We are nestled, this week, under the brilliantly watermelon-colored Sandia Mountains in Albuquerque, New Mexico. Nearby, we discovered the weathered lava fields resplendent with American Indian petroglyphs – remarkable symbolic stories that indigenous peoples etched in stone thousands of years ago. The symbols took us by surprise. Many are identical to those at the mouth of the Wailua River on Kaua’i. These indigenous narratives have certain things in common, but I won’t overstate their similarities. This is the desert; our Islands are surrounded by ocean. The stories share common threads, but they are not the same.
It is the point I want to make on the matter of our four-score-if-we-are-blessed human lives: the defining work of the young; the defining work of the elders. We share common threads, but our work is not the same. These differences have been particularly transparent to me on this journey.
Between us, ‘Iokepa and I have reared three adult sons and one adult daughter. We are neither unconscious of, nor insensitive to, a young adult’s search for individuation.
Quite a number of youthful spiritual seekers have found their way to our gatherings. Barely past adolescence – hardly emancipated from their parental home – these bright-faced young men and women are working overtime to find an elder who will have their answers. They have traveled from one set of indigenous ritual to another, from shaman to guru, from meditation cushion to crystal, from India to Sedona. They sit meditation, they pray, and they retreat from authentic human experience – from trial and error, risk and failure.
“The gift is life.” ‘Iokepa tells them. “The experience of life is in the living it – almost to the edge sometimes.”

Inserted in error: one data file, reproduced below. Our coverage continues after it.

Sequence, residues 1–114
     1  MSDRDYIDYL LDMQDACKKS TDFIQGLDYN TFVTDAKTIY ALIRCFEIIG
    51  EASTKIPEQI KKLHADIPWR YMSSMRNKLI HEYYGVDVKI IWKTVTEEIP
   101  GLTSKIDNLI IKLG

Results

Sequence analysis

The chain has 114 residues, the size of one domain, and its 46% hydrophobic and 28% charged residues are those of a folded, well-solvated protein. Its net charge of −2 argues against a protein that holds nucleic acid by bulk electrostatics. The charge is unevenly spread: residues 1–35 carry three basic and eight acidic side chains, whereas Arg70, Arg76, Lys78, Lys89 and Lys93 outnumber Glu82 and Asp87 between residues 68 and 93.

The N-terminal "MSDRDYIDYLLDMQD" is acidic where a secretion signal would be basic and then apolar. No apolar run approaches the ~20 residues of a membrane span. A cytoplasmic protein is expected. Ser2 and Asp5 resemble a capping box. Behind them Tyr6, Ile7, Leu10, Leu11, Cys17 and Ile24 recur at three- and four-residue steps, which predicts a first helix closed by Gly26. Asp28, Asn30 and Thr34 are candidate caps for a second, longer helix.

He says, “Being young is about experiencing. But these young men and women are seeking it, not living it. They’re busy looking for someone who has their answers.”
To my mothering eyes, these seekers look like terrified children. They are afraid to experience the life they’ve been handed. They want to skip the trial and error, the fall-down and get-back-up of any authentic life. They want to bypass that exciting messiness and reap the fruits of an elder who has lived, who already has his or her answers.
They are mistaken – and ‘Iokepa attempts to turn them back to their own resources, their own potential knowing.
In youth we experience. With age, we digest our experience. When we no longer run so fast, we are freed to contemplate our years of running. But what if we have never run?
These scared young spiritual seekers idealize all that ‘Iokepa surrendered at age forty-six to take his walk. Repeatedly, they gush, “You must be so much happier now!” (Without fast cars, fast life, or the pursuit of the dollar.) Their mouths hang open when ‘Iokepa answers: “No, I’m not. I loved that life! I loved my cars. I loved my work. I loved going fast. That was then. This is now. It’s different – not more nor less.”
‘Iokepa still awakens in the early morning from dreams of the life he surrendered. It is not a yearning. It a re-experiencing: the gift of age.
The comedian and actor Redd Foxx said it best: “I don’t want to be lying in a hospital bed – dying of nothing.”